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Alumni and Friends Making an Impact

Designing a Future

Growing up in Chicago, Luis Rogel ’21 marveled at the towering buildings in the city. “It always amazed me that these buildings could be so tall and not fall over,” he said. This childhood curiosity and his aptitude for math and science led him to pursue a career in engineering.

“I really want to get into civil engineering design because design is what fascinates me about engineering,” he said.

As a senior at the UD, Rogel has focused on acquiring his first job out of school and was hoping to find something that tapped into this passion for design. He found just that, securing an entry-level job as a civil engineering designer at DLZ Corporation in Munster, Indiana.

“A lot of the other jobs I applied for were construction based, so this job was at the top of my radar,” Rogel said. “And it’s 20 minutes away from my house in Chicago. It’s really nice because I’ll be able to live at home and put some money in my bank account.”

Upon extending their job offer, his future employer gave him a few reasons for their choice. “They recognized the passion I had for engineering. They also said that UD’s academic curriculum is so much better than some of the curriculum from other schools from which they’ve hired students. In addition, they emphasized how confident I was,” he said.

When asked how he developed such confidence, Rogel said, “I would attribute a lot of it to my involvement with MEC. They’ve given me opportunities to become a leader and tools to better myself.”

A Safe Space

MEC, or the Multi-Ethnic Education and Engagement Center, ended up being a lifeline for Rogel as he adjusted to life at UD. “I’m Mexican and in my neighborhood at home, it’s like 90 to 95% Hispanic. In my high school, it was 30% Hispanic. When I came to UD and looked around in my engineering classes, I didn’t see anyone who looked like me,” Rogel said. “It made me feel like I didn’t belong here.”

Rogel’s experience is common for multiethnic/multicultural students in a predominantly white university. MEC is designed to help with that though, giving these students a safe space where they can connect with other students with similar experiences.

This safe space drew Rogel in and led to enormous opportunities for him. “My sophomore year, I became an Academic Success Ambassador in MEC. It made me feel like I could succeed as a leader, which is something I really didn’t believe about myself at the time,” he said.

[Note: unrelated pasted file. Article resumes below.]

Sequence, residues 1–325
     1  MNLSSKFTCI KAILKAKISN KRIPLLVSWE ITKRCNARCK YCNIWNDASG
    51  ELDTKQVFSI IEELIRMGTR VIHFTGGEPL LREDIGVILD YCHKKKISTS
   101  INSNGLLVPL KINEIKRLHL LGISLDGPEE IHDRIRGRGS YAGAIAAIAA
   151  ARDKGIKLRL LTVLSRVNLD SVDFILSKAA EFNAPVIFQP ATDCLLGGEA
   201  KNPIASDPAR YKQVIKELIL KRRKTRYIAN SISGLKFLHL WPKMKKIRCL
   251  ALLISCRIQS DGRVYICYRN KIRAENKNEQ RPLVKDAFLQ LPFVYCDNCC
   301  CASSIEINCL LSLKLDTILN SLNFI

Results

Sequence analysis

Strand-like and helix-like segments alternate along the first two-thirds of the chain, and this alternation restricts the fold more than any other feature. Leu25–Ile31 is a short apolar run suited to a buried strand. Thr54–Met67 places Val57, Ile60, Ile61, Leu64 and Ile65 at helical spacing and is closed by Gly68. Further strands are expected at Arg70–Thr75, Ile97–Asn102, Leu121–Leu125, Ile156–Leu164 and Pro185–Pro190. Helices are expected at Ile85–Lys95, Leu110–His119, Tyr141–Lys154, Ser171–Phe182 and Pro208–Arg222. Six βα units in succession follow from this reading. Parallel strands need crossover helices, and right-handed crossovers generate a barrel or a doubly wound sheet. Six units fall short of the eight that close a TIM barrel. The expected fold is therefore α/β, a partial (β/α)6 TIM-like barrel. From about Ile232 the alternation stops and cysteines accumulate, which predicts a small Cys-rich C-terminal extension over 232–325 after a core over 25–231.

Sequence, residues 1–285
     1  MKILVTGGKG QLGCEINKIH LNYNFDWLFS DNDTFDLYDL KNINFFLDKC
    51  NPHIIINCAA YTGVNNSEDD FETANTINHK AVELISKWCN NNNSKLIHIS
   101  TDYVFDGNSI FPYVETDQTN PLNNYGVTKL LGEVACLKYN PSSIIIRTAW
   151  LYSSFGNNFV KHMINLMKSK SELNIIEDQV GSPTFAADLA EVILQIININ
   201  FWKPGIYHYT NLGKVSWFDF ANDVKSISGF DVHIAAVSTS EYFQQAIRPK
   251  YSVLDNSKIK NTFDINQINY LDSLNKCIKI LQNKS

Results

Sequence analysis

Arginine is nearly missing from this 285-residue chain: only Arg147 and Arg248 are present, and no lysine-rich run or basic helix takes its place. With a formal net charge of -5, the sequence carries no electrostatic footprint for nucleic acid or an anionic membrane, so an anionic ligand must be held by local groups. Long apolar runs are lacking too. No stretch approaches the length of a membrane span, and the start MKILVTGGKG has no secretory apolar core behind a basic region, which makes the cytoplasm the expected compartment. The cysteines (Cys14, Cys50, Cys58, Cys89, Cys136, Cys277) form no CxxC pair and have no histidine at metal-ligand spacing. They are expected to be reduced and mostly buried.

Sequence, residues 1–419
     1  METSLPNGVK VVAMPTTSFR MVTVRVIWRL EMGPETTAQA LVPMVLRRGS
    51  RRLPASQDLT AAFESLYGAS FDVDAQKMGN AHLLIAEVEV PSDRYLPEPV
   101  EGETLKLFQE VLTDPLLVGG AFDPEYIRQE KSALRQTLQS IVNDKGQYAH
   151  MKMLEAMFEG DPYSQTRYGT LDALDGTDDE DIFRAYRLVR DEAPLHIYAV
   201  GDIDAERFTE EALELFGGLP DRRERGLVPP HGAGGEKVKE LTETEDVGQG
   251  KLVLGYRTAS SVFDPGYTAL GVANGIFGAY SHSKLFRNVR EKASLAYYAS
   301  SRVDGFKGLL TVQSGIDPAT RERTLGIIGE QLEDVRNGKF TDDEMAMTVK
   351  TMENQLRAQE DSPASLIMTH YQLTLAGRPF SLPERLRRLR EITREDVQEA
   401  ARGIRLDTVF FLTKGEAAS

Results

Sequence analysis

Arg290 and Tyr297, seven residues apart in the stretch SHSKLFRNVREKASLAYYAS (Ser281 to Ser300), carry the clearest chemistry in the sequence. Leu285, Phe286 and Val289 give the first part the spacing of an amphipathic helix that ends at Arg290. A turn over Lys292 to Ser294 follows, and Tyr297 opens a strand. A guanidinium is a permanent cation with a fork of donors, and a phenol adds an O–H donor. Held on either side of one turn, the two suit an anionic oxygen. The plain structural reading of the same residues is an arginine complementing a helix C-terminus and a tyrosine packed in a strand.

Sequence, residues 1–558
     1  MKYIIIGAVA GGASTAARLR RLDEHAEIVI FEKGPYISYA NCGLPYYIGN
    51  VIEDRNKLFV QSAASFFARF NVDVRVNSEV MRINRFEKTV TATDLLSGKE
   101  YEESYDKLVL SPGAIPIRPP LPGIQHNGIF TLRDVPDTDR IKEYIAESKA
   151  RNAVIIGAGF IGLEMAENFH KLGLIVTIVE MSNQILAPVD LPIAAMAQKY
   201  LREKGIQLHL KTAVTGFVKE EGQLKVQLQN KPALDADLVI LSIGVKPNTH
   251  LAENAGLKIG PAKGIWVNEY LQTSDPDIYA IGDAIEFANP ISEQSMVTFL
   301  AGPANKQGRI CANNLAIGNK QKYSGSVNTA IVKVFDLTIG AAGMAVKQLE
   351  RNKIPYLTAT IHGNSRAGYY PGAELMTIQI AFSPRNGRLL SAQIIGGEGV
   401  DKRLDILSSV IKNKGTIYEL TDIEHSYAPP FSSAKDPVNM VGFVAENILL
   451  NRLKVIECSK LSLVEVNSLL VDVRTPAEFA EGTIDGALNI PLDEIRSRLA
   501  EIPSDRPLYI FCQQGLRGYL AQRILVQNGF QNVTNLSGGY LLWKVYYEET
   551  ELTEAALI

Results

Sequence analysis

He thrived in the role and a year later embraced another MEC leadership opportunity, accepting his current position as a Student Engagement Assistant, a role co-sponsored by MEC and Enrollment Management. “Now I mentor and serve as a role model for multicultural students.”

Donor Impact in MEC

Beyond the leadership opportunities, MEC provides an array of support for multicultural students. “Students have access to academic and personal resources, as well as cultural and social with all of the clubs and Greek life under the MEC umbrella. We provide a lot of tools for students to have the best experience possible at UD,” said Rogel.

MEC has University support for these resources, but donor support is also a key ingredient in the Center’s impact and mission. And, on our annual One Day, One Dayton this April 14, donors can have an even greater impact, with MEC gifts receiving a matching gift donation from an anonymous donor.

Gifts allocated to MEC go directly to students through the MEC Experiential Learning Fund, which provides an avenue for MEC students to engage in learning opportunities they might not otherwise be able to afford or were unforeseen.

Carlos Stewart, sr. associate director of development, diversity and access initiatives, speaks to the value of the fund. “That fund is tremendous for students. They basically write an essay when they apply, explaining their need. They might have study-abroad fees, an unpaid internship opportunity, an opportunity to attend a conference or any number of things,” he said.

Beyond financial need, they must demonstrate a commitment to leadership and service to MEC and the UD community, as well as academic excellence.

“It’s not an endowed fund, so it can certainly go away. Donor support is absolutely vital to providing these opportunities to students,” Stewart said.

Universitywide Reach

Although MEC serves an ever-growing multiethnic population at UD — the current student body is the most diverse in school history — it also engages the entire student body through educational outreach and cultural heritage programming.

“MEC is focused on talking to all students about diversity, power and privilege, as well as how to have difficult conversations around those topics,” Stewart said.

Rogel expanded upon Stewart’s statement. “Self-growth is one of the most important things in college, and when students are educated about different backgrounds, cultures and experiences, they grow as a person,’ he said. “The more educated we can be about what’s in the world, the more prepared we will be when we leave the University.”

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